The Tribune Democrat, Johnstown, PA

Zachary Hubbard

January 1, 2012

Zachary Hubbard | Top 10 New Year’s predictions

— Hello, loyal readers. I hope that everyone had a wonderful 2011. 

Once again, it’s time for me to step out of my writer role and get down to the serious business of pronouncing my astonishingly inconceivable annual insights as the region’s perennial preposterous prognosticator. So, for your amazement and amusement, I offer my decidedly delirious and kind of serious top 10 New Year’s predictions for 2012. 

10. Members of the Johnstown City Council narrowly escape death when the room where they are debating further cuts in the city’s firefighter ranks catches fire from a defective light socket. 

9. Enamored by the promise of making easy gaming money, CamTran secures a license to install slot machines on the Inclined Plane. Passenger volume subsequently increases by 500 percent. However, the slots are removed after food stamp applications in the area increase tenfold.

8. After having its budget slashed, the National Park Service decides to raise cash by selling tickets for a re-enactment of the Great Johnstown Flood. NPS begins reconstructing the dam! Rep. Mark Critz becomes a local hero when he rushes through legislation to block the event.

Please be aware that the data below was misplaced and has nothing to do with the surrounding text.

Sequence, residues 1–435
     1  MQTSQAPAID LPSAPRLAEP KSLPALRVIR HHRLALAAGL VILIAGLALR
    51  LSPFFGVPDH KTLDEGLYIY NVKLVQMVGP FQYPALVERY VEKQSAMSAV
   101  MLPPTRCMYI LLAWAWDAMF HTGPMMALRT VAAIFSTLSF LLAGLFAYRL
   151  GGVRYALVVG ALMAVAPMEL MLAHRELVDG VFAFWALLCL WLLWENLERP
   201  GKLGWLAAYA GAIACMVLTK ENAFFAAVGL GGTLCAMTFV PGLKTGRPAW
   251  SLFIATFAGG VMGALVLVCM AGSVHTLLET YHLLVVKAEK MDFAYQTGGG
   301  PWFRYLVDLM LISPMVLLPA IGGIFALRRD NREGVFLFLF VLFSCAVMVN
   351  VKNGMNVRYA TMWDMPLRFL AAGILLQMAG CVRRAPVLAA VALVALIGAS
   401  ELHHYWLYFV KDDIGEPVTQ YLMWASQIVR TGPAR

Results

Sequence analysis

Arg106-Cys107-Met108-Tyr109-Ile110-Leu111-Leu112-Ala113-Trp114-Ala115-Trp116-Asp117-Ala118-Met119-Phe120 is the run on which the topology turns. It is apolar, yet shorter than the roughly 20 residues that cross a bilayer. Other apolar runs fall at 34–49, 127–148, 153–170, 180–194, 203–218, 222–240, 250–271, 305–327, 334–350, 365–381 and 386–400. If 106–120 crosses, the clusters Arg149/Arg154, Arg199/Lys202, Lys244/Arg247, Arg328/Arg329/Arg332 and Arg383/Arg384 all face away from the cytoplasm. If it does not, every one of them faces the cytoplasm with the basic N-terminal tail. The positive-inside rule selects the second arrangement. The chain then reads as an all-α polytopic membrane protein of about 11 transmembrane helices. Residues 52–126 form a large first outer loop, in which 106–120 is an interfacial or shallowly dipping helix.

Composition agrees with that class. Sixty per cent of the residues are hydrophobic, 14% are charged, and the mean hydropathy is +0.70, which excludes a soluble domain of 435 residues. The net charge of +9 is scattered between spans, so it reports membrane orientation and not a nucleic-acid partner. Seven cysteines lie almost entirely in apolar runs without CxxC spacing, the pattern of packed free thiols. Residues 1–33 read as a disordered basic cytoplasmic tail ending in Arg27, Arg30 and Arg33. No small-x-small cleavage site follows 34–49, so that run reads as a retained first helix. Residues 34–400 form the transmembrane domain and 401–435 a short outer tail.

7. Strapped for cash, Johnstown City Council votes to allow the drilling of a test gas well at Point Stadium. The project is scrapped when the Conemaugh River catches on fire.

6. Despite heated protests from local veterans groups, cash-starved Cambria County leases the War Memorial Arena to a local entrepreneur who converts it to a pierogi factory. The building finally becomes profitable.   

5. Congress follows through with plans to close Johnstown’s National Drug Intelligence Center. Two months later, firefighters responding to an alarm in the vacant building discover a meth lab engulfed in flames.

4. Citing the Antiquities Act of 1906, the Department of the Interior orders a halt to Johnstown’s long-awaited sewer rehabilitation project after an excavator uncovers evidence of a lost Indian civilization buried beneath the city. The Environmental Protection Agency subsequently fines the city $1,000 per day for the delay. 

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